Clare Henson-Bowen (Director and Principal Physiotherapist at Bespoke Physiotherapy) specialises in complex persistent pain injuries (i.e. those that don’t get better as expected!) – So we wanted to ask her if there any mistakes she sees patients making when managing their back pain. Here’s what she had to say…


The most common of back pain is classed as ‘simple’ non-specific mechanical back pain and this usually clears up in around 4-6 weeks. There are definitely ways to help speed this along as well as some unhelpful things that can slow down and hinder recovery. It can be frustrating for patients when their symptoms do not improve so it’s crucial to find out how acute phases of pain are managed. If not managed well, the back pain can struggle to settle down and patients can move in to more persistent stages of pain.


The 3 most common mistakes I have seen patients make when managing mechanical back pain are:


Wrong level of activity – Trying to get out of bed or down to lace your shoes can be mission impossible when you have acute back pain but the old method of taking off your front door and lying on it completely still for 1-2 weeks has been put to bed . So patients are often torn between the ‘keep moving’ and the ‘you should rest up’ advice. So how much is too much or too little? Our spines do like to move so it is always best to keep moving within your pain levels. Non weight bearing range of movement exercises (I.e. those completed whilst lying down) can help you do this without causing your pain to increase.

Depending on your work activities and hobbies you may need to tailor down the amount you are doing for a couple of weeks until your pain allows you to return to normal activity. When in this stage, returning to normal activities should be paced so that your back can gradually get used to the physical demands you want to place on it. Generally speaking, remaining at work is best for recovery and prognosis so it may be worth speaking to your manager to see if your work activities or hours can be temporarily changed to help support you to stay and / or return to work.


Not taking a holistic approach to understanding pain – The human body is a complex thing and when understanding pain it is vital that not just physical contributing factors are addressed. The biopsychosocial approach to managing pain is well researched and used now by most physiotherapists. This means not only looking at the physical sources of pain but also the social and psychological factors which can drive and amplify pain. The most common psychological factors we see when working with back pain is low mood and anxiety. Sometimes this is an old or pre-existing concern for the patient, or a new thing that has developed after the back pain started. Either way, it is super important to recognise the influence that these can have on the way we feel pain to help us treat all factors involved. Many of my patients have progressed extremely well once these areas are addressed and treatment underway.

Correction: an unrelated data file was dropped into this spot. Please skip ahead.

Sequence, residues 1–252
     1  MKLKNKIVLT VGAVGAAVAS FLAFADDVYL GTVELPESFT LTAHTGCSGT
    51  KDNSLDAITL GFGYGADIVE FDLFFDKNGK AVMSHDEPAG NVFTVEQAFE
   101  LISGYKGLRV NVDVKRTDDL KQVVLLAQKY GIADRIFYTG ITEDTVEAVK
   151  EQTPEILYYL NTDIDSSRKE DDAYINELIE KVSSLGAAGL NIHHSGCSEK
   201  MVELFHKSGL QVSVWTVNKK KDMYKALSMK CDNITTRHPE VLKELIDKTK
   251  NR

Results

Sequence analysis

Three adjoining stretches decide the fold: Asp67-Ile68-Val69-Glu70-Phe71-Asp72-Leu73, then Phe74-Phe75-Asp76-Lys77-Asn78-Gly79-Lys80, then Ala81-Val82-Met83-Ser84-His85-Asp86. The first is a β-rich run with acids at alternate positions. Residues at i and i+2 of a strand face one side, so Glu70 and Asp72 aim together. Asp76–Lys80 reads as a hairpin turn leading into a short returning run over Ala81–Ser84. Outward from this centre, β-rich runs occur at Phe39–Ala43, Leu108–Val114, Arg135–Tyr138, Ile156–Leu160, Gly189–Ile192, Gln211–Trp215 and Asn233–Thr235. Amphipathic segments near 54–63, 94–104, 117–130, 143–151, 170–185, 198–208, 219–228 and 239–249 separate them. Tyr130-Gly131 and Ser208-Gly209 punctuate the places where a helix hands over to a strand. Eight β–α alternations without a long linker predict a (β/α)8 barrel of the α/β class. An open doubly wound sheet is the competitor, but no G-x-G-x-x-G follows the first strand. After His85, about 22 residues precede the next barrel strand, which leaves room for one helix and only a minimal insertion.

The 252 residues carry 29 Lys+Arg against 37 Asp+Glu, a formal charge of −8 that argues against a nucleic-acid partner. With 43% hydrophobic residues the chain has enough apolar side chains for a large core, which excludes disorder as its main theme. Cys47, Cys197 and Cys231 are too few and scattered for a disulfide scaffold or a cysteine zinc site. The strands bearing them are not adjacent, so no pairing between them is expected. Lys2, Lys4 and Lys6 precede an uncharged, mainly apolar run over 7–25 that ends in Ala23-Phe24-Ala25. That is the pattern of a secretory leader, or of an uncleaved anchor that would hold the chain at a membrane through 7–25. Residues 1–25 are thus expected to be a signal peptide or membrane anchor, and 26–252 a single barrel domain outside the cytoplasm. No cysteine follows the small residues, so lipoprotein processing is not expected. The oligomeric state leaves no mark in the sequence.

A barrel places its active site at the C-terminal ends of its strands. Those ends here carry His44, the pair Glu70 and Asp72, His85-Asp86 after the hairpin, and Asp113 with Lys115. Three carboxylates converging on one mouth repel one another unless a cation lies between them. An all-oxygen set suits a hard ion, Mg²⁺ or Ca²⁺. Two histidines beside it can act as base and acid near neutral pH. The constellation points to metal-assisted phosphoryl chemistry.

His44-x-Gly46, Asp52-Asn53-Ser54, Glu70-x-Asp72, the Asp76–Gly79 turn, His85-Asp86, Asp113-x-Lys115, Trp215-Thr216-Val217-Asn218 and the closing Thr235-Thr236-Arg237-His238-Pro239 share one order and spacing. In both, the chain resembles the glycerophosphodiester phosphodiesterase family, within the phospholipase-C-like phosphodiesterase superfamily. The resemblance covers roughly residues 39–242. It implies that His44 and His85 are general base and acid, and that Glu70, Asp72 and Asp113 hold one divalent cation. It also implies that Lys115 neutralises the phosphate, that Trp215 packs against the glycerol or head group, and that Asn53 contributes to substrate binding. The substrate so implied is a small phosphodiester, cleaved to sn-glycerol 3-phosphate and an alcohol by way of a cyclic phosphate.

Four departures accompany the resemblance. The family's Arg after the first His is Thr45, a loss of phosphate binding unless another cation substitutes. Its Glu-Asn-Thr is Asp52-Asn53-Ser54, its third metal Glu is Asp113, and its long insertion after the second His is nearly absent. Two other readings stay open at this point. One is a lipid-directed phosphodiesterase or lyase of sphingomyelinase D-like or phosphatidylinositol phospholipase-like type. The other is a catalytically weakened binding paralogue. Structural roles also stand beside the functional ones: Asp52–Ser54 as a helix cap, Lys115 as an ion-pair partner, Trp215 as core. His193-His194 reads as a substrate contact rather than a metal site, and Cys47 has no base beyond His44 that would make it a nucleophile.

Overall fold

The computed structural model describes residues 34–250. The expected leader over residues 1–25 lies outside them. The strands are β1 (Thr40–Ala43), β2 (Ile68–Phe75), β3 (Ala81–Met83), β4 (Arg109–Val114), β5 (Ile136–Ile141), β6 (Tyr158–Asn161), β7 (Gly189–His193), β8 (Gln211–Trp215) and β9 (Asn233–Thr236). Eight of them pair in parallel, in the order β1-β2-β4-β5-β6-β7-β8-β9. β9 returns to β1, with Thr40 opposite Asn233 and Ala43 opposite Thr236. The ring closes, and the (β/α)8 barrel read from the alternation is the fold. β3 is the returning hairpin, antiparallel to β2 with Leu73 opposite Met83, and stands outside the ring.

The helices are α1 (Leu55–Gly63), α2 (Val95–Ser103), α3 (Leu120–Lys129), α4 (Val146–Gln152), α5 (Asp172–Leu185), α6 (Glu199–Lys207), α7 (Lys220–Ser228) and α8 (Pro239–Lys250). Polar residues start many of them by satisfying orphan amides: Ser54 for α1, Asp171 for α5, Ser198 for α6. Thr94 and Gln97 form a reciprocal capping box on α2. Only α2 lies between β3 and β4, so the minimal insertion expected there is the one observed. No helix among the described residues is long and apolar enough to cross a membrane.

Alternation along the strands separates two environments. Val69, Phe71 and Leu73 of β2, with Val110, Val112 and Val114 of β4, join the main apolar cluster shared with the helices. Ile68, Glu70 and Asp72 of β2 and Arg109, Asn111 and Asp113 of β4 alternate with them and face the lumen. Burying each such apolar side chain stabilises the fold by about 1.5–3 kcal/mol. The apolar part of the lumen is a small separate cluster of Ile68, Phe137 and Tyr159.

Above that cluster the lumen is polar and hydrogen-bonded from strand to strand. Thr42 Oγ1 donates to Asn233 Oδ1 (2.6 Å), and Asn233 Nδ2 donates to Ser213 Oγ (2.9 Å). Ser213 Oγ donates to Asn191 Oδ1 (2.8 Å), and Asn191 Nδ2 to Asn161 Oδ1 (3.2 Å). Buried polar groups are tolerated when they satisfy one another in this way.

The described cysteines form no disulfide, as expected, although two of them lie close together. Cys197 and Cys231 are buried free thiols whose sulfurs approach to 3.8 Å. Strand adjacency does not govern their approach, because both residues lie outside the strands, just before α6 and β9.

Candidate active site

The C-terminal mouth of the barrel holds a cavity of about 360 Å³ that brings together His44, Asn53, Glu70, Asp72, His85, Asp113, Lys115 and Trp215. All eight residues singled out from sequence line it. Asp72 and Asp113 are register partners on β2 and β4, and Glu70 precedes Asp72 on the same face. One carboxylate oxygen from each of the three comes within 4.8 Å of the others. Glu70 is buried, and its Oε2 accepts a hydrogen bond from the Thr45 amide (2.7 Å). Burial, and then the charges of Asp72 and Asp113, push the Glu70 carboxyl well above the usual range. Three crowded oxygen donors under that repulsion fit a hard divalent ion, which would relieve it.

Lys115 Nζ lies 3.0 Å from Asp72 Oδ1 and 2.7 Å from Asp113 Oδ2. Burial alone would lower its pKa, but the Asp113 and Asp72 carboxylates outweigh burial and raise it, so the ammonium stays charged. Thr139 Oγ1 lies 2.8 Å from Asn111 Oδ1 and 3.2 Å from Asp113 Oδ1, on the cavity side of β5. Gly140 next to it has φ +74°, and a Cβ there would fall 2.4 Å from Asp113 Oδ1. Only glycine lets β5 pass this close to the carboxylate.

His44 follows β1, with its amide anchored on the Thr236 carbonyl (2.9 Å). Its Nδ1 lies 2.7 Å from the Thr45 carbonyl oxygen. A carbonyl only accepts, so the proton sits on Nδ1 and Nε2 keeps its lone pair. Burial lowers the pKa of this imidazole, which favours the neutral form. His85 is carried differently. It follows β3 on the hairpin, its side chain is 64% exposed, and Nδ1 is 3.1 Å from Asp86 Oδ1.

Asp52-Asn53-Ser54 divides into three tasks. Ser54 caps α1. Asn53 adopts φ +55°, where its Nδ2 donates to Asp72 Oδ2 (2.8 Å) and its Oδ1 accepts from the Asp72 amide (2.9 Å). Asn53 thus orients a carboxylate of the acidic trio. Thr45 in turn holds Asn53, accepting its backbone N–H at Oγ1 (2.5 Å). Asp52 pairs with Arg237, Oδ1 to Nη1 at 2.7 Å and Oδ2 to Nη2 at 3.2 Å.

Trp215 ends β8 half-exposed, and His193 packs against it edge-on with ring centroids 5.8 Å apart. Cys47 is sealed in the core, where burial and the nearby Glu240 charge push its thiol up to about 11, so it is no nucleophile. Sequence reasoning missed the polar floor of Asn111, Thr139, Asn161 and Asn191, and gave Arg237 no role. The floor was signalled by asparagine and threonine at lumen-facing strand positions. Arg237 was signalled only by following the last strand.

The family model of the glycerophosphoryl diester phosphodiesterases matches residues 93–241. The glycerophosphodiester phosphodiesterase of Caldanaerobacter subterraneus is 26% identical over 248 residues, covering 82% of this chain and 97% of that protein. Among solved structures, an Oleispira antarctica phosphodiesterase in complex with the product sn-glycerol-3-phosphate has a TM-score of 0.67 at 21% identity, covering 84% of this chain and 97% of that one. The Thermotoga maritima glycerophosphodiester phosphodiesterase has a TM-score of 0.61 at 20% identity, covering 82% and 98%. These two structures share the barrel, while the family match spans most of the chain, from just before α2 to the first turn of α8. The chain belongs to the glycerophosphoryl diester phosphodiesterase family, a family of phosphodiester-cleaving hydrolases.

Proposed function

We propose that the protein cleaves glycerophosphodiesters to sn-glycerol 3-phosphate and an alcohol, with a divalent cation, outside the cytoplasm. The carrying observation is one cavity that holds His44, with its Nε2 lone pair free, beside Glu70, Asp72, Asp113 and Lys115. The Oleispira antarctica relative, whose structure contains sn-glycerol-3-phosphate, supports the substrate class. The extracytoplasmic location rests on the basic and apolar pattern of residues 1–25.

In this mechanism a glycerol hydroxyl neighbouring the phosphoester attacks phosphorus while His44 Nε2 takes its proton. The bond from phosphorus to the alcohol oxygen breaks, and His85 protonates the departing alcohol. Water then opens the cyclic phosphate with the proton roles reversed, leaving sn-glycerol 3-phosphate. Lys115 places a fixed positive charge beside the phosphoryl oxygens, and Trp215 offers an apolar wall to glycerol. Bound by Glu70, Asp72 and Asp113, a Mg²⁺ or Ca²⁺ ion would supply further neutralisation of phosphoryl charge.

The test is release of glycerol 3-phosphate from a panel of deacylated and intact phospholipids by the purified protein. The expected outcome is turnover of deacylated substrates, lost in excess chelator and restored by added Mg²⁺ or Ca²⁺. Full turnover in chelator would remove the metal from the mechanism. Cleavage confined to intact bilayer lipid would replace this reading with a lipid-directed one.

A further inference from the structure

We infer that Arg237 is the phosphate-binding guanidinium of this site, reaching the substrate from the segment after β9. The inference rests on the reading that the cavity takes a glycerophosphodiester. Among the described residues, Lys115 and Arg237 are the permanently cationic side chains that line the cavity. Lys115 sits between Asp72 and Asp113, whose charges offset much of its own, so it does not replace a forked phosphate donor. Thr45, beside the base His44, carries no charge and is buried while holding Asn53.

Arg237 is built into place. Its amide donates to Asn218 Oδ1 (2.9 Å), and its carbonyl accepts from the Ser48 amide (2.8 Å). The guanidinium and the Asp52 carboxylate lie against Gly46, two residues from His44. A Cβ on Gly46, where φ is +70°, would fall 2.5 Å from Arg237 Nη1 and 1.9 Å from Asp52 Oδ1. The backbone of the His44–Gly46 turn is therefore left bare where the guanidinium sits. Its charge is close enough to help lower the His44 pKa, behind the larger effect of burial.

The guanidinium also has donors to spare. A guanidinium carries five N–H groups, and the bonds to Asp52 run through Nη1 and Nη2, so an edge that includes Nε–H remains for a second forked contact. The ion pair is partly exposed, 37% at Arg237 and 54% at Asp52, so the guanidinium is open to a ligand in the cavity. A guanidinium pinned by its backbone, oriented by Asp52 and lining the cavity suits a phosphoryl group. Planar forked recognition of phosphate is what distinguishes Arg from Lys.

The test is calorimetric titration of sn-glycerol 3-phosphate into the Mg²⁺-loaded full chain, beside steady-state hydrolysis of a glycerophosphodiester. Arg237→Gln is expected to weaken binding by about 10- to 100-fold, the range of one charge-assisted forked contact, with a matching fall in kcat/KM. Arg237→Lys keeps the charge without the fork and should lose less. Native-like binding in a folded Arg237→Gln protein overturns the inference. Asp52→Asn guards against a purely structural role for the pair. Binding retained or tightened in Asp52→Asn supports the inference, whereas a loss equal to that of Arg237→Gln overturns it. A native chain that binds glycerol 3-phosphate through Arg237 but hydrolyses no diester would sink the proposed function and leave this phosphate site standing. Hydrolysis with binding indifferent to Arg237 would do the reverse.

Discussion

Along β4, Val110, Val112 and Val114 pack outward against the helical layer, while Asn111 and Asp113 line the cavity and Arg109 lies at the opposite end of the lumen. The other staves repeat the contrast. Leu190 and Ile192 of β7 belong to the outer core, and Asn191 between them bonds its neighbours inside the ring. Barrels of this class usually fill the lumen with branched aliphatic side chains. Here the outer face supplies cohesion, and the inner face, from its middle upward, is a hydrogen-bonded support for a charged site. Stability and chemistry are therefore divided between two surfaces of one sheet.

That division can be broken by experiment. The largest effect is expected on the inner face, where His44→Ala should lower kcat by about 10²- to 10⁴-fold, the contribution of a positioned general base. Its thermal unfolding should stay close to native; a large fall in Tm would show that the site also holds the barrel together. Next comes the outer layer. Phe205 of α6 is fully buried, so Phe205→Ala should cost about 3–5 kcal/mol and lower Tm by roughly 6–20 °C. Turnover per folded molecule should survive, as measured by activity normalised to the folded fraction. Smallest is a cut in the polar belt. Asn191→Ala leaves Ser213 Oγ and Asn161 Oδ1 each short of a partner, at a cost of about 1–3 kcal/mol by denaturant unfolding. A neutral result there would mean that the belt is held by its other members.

Lack of diagnosis and fear of the unknown – A large proportion of back pain is classified as this non-specific mechanical back pain which means that no definitive diagnosis is attached to the pain you are experiencing. This classification of back pain is described as a ‘tension, soreness and/or stiffness in the lower back region for which it is not possible to identify a specific cause of the pain. Several structures in the back, including the joints, discs and connective tissues, may contribute to symptoms’ (NICE Guidelines 2009). Many patients I see feel they would benefit from investigations such as x-rays and MRI scans however these are often not indicated and have actually been shown to negatively affect overall prognosis in some patients. The decision to investigate back pain further needs to be carefully discussed with your physiotherapist.                              


So you have been avoiding all these common mistakes but you continue to feel like you have a knife twisting in your back?


If you haven’t already sought the advice and treatment of a physiotherapist, then now if definitely a time to get that ball rolling. There may be other reasons why the back pain is not settling down and this needs a full physical examination and treatment plan. Patients with non-specific back pain should be offered treatment plans focusing on self-management, exercise-based rehabilitation, manual therapy and / or acupuncture. If the patient is in the more persistent stages of pain, then treatments should focus on reducing pain and its impact on the patient’s day-to-day life, even if the pain cannot be cured completely.



NB/ This blog article only discusses non-specific back pain so if you are experiencing other types of back pain then please discuss with your GP or physiotherapist. If you experience any red flags associated with back pain (i.e. trouble controlling your bladder or bowel movements, numbness in the groin area, foot drop symptoms in both legs) then please seek urgent medical attention.